John Cheever’s The Wapshot Chronicle

The Wapshot ChronicleThe Wapshot Chronicle was John Cheever’s first published novel and established many of the themes he would become known for: the disconnect between a character’s private and public life, the sense of community fostered by small towns vs. the anomie and alienation of the suburbs, marital strife and a kind of painful nostalgia for a dying way of life marked by propriety, innocence and family cohesion. Cheever’s protagonists are the Wapshots: Leander, the depressed patriarch, and Honora, his wealthy  and eccentric aunt, as well as Coverly and Moses, Leander’s sons, who have been told that to inherent their aunt’s fortune they must not only marry but produce a male heir.

The book follows the various ways that their lives come into conflict with the expectations of family, friends and society. The burden of expectation falls like a shadow upon each character, darkening their lives and forcing them to suppress their emotions and desires. Cheever has been called the “Chekhov of the suburbs,” a nod to the subtleties he employs to tell his story: there are deaths and marriages and miscarriages, but the real drama is subdued, captured in a facial expression or turn of phrase, and the brunt of the reader’s time is spent trying to ascertain the motivations of a given character.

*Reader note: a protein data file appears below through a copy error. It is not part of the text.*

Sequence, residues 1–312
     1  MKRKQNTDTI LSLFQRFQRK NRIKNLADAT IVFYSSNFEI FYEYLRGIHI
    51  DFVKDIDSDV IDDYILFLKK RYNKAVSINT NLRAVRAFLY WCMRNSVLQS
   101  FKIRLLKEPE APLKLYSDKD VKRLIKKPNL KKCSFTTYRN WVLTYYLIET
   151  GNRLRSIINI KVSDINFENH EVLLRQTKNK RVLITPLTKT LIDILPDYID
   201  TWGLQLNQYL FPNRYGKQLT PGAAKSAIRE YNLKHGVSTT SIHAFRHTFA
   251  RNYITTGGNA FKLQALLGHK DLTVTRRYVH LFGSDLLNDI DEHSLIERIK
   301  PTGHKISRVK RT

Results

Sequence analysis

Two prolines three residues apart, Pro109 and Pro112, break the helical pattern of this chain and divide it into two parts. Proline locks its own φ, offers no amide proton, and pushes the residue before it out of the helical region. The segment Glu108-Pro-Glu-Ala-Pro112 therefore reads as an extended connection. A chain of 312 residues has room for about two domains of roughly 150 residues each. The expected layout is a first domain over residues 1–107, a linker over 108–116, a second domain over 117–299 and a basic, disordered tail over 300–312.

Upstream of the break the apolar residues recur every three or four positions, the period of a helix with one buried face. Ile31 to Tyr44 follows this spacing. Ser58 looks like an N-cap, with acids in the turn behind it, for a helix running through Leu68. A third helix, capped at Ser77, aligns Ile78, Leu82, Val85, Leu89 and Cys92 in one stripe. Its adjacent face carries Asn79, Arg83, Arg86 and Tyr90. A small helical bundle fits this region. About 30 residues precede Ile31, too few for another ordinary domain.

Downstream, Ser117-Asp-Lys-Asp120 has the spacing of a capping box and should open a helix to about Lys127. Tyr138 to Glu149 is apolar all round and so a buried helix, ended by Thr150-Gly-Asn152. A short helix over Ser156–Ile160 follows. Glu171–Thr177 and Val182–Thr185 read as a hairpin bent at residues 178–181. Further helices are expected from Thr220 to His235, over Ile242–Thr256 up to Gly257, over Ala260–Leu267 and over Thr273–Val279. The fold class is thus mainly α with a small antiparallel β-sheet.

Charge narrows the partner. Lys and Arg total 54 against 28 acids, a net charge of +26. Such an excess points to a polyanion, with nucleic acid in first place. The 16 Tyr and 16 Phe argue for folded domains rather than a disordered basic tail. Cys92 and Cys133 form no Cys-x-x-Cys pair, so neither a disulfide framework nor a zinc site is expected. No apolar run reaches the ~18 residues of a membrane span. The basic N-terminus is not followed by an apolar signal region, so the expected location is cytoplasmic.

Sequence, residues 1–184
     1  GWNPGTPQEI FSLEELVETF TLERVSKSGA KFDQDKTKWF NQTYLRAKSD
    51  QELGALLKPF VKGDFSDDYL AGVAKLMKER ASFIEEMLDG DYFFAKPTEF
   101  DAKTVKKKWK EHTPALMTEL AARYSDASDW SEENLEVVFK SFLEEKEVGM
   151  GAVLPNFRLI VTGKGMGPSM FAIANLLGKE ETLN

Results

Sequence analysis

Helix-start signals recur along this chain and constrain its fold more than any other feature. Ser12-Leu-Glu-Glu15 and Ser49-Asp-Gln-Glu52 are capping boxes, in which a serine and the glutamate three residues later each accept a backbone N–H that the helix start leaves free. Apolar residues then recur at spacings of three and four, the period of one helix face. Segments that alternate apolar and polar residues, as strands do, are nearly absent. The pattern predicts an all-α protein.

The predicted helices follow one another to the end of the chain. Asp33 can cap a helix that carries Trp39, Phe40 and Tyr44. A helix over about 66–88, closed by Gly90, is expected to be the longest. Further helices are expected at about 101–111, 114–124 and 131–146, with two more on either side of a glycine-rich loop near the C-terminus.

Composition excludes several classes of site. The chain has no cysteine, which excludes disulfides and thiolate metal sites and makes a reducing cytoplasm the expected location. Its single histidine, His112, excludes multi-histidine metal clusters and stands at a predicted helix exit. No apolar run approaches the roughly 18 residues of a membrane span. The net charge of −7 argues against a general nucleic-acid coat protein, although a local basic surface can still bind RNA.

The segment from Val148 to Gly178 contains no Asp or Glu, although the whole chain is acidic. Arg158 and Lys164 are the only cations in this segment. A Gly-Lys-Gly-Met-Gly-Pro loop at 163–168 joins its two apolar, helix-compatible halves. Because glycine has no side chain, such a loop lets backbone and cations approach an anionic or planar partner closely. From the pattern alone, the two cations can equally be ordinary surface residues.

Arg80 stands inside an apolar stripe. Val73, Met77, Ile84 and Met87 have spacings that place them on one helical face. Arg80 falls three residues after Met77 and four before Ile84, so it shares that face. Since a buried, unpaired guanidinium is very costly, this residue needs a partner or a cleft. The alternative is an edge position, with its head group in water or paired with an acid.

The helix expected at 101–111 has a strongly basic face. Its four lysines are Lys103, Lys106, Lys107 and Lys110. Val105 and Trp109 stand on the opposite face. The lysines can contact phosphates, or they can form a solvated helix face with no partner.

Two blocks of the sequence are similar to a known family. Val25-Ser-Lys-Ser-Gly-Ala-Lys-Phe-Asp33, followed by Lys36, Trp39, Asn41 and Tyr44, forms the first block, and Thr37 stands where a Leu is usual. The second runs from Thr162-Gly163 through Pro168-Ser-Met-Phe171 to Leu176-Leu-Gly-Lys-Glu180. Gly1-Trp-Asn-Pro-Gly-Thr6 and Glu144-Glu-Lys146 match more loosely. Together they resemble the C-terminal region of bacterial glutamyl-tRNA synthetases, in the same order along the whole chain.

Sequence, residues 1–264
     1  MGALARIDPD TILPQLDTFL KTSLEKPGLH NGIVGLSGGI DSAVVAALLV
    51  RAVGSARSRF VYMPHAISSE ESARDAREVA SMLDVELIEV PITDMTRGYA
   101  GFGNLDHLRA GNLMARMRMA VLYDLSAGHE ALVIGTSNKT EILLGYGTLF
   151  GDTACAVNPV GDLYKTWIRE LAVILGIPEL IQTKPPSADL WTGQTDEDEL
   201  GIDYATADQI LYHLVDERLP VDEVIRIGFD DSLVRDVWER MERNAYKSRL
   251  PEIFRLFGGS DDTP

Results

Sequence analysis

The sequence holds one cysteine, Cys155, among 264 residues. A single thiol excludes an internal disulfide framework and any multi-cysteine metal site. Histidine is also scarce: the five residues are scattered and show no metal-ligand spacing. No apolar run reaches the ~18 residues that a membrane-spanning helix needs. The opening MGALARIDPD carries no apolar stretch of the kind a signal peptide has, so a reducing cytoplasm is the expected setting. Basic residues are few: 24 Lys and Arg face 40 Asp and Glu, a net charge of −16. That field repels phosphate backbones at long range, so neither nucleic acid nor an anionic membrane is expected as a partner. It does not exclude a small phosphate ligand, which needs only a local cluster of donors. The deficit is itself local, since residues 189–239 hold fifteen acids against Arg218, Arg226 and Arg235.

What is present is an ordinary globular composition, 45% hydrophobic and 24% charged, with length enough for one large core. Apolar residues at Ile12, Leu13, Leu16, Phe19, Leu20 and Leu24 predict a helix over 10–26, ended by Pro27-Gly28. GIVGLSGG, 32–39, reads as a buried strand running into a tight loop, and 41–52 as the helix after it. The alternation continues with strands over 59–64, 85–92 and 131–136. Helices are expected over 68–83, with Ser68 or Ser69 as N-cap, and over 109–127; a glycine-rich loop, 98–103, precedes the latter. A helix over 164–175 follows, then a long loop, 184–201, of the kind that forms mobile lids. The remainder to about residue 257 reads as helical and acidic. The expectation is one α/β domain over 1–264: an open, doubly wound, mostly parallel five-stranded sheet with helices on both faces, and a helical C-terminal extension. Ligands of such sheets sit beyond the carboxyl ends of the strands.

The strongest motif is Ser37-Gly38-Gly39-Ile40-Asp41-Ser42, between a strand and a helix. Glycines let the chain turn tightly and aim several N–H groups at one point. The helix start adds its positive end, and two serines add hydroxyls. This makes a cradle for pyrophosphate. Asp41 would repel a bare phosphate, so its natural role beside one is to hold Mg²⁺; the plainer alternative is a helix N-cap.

Cheever’s prose is elegant if somewhat utilitarian; he is not given to long, descriptive passages or poetic musings on the human condition, but what digressions there are contrast beautifully with the dialogue and expository writing. The fictional New England town of St. Botolphs is exquisitely rendered and peopled, and the sparseness of Cheever’s prose enhances the inherent awkwardness of many of the books’s most tense moments, as when one of the protagonists becomes unknowingly involved in a friendship with a gay man whose overtures become increasingly hard to ignore or rationalize away. Ultimately, Cheever’s novel is a penetrating look into family dynamics and the tensions created by the struggle between social propriety and the desires of the body and soul.